To wrap up: Here is a Pure C program I wrote that compiles in Arduino IDE and flashes an LED.  Didn't work at first, now, works on my bench anyway. 

Remove comments, change 1's to 0's, etc., and have fun.


#define F_CPU16000000UL
#define myPin DDD2 //change 2 to whatever D group in you are using

my expanded pure C blink demo.  
Nano V3,0, with LED tied to pin D4; 
1K resistor between LED cathode and ground so to not fry the LED.
uncomment stuff to experiment.

int main()

/* all pins in D pin group are now input. For DDRD, 1 means output and 0 means input. */  
DDRD = B00000000;

/* we are putting a 1 into bit DD4 in the DDRD //register, making D4 on the nano an output. */  

DDRD |= (1<<myPin);  

/* make DDD4 (pin D4 on Nano) a zero, now it won't flash because it's an input.  So do the opposite of what I say. */
 // DDRD &=~(1 << myPin); 

/*test DDD4 to see if it's a one. If it's a zero, toggle the //bit to one.  If it's one, toggle to zero  */  
 // DDRD ^=(1 << myPin ); 


/* this will set all D pins but leave TX RX to output */
  //DDRD = DDRD | 0x00 ; 

/* this will set all D pins but TX RX to input */
  //DDRD = DDRD | 0xFF ; 

  /*Note: if you screw up TX and RX, 
   * which are part of the DDDx, DDRX, PINx" pin group mishpucha,
   * upload into your arduino a normal sketch with serial.begin().  this fixes it.

/* WHILE(1) is the same as the main repeat forever loop you see on arduino  */

 /*     PORTD=B11111111; 
//all port D pins (0-7) are now high.  
      /* I put in 200 to make sure I'm not running the default "blink" sketch. */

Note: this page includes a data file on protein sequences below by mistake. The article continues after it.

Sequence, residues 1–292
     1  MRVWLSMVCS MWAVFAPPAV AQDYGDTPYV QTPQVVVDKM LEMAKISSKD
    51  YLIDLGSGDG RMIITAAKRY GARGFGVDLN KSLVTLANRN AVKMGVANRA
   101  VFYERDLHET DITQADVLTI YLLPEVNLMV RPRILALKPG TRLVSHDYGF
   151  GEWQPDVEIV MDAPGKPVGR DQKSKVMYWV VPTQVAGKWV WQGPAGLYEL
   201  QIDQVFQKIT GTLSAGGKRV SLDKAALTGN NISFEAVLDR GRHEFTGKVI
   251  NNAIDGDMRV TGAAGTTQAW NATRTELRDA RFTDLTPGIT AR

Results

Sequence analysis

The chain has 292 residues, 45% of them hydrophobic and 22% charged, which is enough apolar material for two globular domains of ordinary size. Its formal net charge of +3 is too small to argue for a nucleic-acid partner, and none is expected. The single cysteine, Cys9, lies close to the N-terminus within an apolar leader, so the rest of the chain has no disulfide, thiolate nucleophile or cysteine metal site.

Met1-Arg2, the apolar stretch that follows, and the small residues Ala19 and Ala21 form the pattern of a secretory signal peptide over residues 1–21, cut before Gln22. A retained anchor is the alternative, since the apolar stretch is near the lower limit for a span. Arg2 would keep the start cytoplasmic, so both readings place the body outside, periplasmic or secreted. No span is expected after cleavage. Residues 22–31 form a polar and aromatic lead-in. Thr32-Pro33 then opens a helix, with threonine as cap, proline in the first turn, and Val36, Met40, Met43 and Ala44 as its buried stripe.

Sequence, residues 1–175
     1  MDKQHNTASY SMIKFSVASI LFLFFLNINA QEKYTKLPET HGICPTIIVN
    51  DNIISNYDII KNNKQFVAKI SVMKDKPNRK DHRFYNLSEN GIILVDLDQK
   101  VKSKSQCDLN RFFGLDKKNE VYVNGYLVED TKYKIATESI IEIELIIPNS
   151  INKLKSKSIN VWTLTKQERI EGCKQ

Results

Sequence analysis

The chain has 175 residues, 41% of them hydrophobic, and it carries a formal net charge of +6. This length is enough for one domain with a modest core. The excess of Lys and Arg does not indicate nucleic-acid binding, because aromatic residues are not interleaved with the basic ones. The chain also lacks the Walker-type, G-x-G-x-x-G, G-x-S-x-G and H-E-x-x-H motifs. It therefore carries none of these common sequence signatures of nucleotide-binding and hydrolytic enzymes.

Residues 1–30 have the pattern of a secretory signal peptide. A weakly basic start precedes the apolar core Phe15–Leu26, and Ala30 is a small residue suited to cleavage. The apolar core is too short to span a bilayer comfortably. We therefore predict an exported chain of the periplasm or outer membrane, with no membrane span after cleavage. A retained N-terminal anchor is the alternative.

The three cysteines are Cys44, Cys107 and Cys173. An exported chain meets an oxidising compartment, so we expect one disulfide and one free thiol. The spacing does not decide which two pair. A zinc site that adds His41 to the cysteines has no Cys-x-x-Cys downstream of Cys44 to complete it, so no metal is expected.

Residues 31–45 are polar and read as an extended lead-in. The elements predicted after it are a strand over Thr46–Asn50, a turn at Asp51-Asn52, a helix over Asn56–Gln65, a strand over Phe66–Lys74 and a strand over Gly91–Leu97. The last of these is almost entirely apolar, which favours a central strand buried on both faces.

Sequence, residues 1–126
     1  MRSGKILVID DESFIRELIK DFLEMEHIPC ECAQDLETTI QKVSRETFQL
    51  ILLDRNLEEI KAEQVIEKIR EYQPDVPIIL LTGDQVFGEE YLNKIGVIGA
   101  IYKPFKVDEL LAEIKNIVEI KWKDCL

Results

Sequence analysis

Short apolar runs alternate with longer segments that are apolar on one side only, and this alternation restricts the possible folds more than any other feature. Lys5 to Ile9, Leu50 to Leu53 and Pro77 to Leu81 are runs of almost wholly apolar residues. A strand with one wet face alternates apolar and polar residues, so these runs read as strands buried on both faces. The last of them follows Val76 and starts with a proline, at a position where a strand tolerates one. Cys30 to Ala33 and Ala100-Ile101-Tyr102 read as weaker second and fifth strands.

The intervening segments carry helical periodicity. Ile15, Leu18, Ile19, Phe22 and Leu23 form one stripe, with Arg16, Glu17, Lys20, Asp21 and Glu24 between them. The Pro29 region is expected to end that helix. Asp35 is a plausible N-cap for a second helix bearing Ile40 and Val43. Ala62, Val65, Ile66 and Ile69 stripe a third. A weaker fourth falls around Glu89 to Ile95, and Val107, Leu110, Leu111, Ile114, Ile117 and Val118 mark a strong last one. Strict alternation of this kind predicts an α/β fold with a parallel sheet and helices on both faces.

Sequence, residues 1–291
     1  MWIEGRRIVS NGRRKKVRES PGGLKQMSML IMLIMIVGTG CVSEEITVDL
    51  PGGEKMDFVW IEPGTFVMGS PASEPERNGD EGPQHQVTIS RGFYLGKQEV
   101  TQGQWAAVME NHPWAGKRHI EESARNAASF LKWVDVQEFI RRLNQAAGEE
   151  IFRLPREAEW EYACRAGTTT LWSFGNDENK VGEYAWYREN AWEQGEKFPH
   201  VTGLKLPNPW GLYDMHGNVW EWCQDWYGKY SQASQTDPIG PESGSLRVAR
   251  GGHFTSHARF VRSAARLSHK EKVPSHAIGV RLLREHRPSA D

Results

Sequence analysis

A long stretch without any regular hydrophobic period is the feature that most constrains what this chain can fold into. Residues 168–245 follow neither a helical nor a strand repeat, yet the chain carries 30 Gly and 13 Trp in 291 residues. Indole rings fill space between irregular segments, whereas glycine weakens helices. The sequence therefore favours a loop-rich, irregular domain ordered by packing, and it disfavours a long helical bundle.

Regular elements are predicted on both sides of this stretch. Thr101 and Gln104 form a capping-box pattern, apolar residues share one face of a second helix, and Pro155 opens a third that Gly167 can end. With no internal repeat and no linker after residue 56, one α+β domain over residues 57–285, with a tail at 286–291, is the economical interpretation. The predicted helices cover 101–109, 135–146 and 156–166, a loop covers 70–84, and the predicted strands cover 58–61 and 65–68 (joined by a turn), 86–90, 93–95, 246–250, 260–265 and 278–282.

PORTD=B00000000; //D2 is now low.  same exercise.

/* same way to do what we just did with 2 lines!  Go Pure C!

PORTD ^=(1 << myPin ); 

/* don't breathe the fumes */

UPDATE 4-6-21 I am using C a lot (vs. sketch) these days. Once you start you can't stop! Here is a cheat sheet I use for bit twiddling the I refer to a lot. Structs, not mentioned above, are explained here.


///x and y are uint8_t's:

x |= (1 << 2);  // set bit 2 in x to 1

x &= ~(1 << 2);  // Set bit 2 in x to 0

x ^= (1 << 2);   //flip existing value of bit 2, 
                 //so 1 becomes 0, 0 becomes 1. 

y = (x >> 2) & 1;  //check value of bit 2 in x 
                   //and put what you find into y.


struct bits {
    uint8_t a0:1;
    uint8_t a1:1;
    uint8_t a2:1;
    uint8_t a3:1;
    uint8_t a4:1;
    uint8_t a5:1;
    uint8_t a4:1;
    uint8_t a5:1;

struct bits mybits;  //instantiate new struct

//set values
mybits.a0 = 1;
mybits.b0 = 0; (etc)

//To toggle bits, these 3 examples do the same thing.

mybits.a0 = !mybits.a0;  
mybits.a2 = ~mybits.a2;
mybits.a4 ^= 1;   

if (mybits.a0)
//do something if .a0==1

bits: 7      6  5   4   3  2  1  0
vals: 128   64  32  16  8  4  2  1

Saturday, January 5, 2019

ReneDSR: Fastest Envelope in the West: Zen and the Art of Tau

Hello again, just finished a new module based on a custom PCB.  The original design seems pretty well known in the DIY synth audio community already: Rene Schmitz's "Fastest Envelope in the West".

Find his original page for this design here--scroll to the bottom of the page....

FADSRITW Prototype. No LazerTran front Panel Art yet, still testing it.

The Why in AudioDIWHY: I needed more ADSR's in my rig. What I have now works but doesn't always give me the super quick snappy decay I'd like.

I saw Rene's Fastest envelope schematic and thought "this will work!!" Note that to me "fastest envelope" sounds postal; the acroymn is FEITW ("feeet-oo"?) is odorous, so I am calling it "fastest ADSR" or FADSRITW or even FDITW "Fastest Decay in the West". Whatever.

I will use acronyms going forward, I love acronyms.

 Here it is:

Eagle BRD and SCM files, wiring diagrams, PDFs used for my take on FADSRITW are available on my website, click here.

About the module: Rene describes a couple of variations of his design--one with 2.2M A,D,R pots, another with 1M pots. Increase the the cap value if you decrease the pot value. To me, with analog envelope devices, the size of the cap creating the "TAU" (which, my EE brother explained to me, is simply the R*C value used as the heart of the ADSR) matters.